La Scala, as the Teatro alla Scala is locally known, was built at the end of the eighteenth century. The opera house soon became one of the world’s most revered venues, and numerous famous works by composers such as Verdi and Bellini premiered here.
In 1776 a fire destroyed Milan’s opera house, the 1717 Teatro Regio Ducale. Empress Maria Theresa, who was also Duchess of Milan, ordered the construction of a new opera house at the site of the fifteenth century church of Santa Maria della Scala, which was razed to make way for the new building.
The new opera house, named Teatro alla Scala after the church, was designed by court architect Giuseppe Piermarini. Construction of the building took just two years and the opera house was inaugurated on August 3, 1778, with Antonio Salieri’s l’Europa Riconosciuta.
The opera house was destroyed during the bombardments of Milan in 1943. It was the first public building that was reconstructed after the war, and it opened already on 11 May 1946 with a concert directed by Arturo Toscanini.
The exterior of the Scala is rather unassuming for such an important building, probably because it was originally located on a narrow street; the Piazza della Scala was only created in 1858. The main facade shows a three-bay carriage entrance topped by a neoclassical front with pilasters and a central pediment.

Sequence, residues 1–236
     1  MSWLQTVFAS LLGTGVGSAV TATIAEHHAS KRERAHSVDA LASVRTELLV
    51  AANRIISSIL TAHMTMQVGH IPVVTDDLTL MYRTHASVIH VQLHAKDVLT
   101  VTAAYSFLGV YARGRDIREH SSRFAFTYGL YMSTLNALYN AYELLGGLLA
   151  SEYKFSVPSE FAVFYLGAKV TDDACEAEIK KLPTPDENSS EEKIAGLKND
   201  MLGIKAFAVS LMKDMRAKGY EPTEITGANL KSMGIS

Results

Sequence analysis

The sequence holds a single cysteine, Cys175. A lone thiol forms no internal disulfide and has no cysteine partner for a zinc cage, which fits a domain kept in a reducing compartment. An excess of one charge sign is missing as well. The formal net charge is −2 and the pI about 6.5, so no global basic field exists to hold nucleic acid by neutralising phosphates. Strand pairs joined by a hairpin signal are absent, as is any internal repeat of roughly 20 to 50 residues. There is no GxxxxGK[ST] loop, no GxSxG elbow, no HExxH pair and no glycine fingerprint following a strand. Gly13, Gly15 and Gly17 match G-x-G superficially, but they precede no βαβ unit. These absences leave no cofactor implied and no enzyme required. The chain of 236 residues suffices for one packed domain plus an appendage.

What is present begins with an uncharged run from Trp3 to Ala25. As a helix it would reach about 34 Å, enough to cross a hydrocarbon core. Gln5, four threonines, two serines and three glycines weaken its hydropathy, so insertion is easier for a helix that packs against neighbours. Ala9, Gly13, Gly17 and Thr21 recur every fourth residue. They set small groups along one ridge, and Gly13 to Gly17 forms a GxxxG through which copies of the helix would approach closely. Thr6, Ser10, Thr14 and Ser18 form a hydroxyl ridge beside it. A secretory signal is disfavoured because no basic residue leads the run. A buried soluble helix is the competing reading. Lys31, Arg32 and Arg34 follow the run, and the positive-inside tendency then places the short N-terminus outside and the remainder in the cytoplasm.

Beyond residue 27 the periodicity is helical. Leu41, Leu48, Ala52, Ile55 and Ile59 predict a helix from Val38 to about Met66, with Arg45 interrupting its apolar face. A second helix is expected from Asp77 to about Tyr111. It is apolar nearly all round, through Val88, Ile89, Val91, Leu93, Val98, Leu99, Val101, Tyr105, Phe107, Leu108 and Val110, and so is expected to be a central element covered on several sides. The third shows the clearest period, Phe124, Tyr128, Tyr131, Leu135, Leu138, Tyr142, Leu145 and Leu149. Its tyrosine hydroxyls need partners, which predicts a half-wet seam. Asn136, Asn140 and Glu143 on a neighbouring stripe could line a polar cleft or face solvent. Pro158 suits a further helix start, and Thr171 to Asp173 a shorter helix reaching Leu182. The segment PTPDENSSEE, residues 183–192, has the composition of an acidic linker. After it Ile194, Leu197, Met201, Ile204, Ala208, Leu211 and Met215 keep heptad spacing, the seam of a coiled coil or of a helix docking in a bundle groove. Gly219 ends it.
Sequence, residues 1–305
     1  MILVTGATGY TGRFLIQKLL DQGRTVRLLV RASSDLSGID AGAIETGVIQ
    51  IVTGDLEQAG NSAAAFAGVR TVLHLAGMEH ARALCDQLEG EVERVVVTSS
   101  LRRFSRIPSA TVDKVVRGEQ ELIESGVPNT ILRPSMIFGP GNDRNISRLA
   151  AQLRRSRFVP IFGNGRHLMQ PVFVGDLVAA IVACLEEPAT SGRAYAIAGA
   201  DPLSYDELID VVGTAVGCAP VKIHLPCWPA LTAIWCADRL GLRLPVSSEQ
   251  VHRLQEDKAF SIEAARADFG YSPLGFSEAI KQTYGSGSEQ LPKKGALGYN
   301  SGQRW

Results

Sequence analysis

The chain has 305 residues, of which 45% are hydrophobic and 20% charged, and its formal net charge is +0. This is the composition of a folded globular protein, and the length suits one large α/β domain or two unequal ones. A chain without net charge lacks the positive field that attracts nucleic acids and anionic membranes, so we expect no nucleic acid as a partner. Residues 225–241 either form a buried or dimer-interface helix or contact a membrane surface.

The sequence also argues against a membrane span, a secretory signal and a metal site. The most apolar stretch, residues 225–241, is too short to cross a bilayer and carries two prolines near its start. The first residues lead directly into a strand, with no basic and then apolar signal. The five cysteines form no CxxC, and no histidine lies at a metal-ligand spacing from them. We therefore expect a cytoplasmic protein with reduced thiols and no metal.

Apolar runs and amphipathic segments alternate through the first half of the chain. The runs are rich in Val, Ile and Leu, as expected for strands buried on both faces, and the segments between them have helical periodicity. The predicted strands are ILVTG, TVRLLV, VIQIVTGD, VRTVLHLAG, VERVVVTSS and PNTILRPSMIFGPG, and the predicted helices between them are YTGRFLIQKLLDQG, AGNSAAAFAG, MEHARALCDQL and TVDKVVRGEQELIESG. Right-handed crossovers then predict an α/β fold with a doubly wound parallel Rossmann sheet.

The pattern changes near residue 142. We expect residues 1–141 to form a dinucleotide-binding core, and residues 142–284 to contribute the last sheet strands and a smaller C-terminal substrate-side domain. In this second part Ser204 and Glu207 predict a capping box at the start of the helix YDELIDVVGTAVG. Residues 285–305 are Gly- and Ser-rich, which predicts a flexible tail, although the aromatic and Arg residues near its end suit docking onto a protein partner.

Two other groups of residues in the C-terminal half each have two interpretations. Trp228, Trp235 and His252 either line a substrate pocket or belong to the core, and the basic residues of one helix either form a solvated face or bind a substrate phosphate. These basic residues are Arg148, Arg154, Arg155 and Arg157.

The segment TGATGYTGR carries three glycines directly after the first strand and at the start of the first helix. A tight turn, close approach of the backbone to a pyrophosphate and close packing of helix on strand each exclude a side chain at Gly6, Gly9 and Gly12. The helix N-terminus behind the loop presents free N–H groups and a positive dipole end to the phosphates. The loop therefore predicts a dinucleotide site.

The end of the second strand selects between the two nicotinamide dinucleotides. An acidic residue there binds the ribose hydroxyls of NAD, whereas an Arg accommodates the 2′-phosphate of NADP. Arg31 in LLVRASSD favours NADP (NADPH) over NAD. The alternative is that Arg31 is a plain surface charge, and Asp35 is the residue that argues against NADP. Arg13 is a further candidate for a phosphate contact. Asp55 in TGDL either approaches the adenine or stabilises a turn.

In contrast with the exterior, the building’s interior is sumptuous. Its foyer is decorated with fluted columns and large mirrors line the walls. The auditorium, known for its exceptional acoustics, has a seating capacity of just over two thousand. It is lavishly decorated with red velvet, silk and gilded stucco. The chandelier is made of Bohemian crystal and contains 365 lamps. The podium is one of the world’s largest, with a total surface of 1,200 square meters.
Museo Teatrale alla Scala
The Theater Museum was founded in 1913 with the purchase of a collection of Jules Sambon, a Parisian antique dealer who had a unique collection of theatrical attributes. The museum depicts the history of the Teatro alla Scala and the history of the opera in general with a display of paintings, statues, set designs, instruments, original musical scores and other theatrical memorabilia. A large section of the museum is dedicated to Giuseppe Verdi, one of Italy’s most famous composers.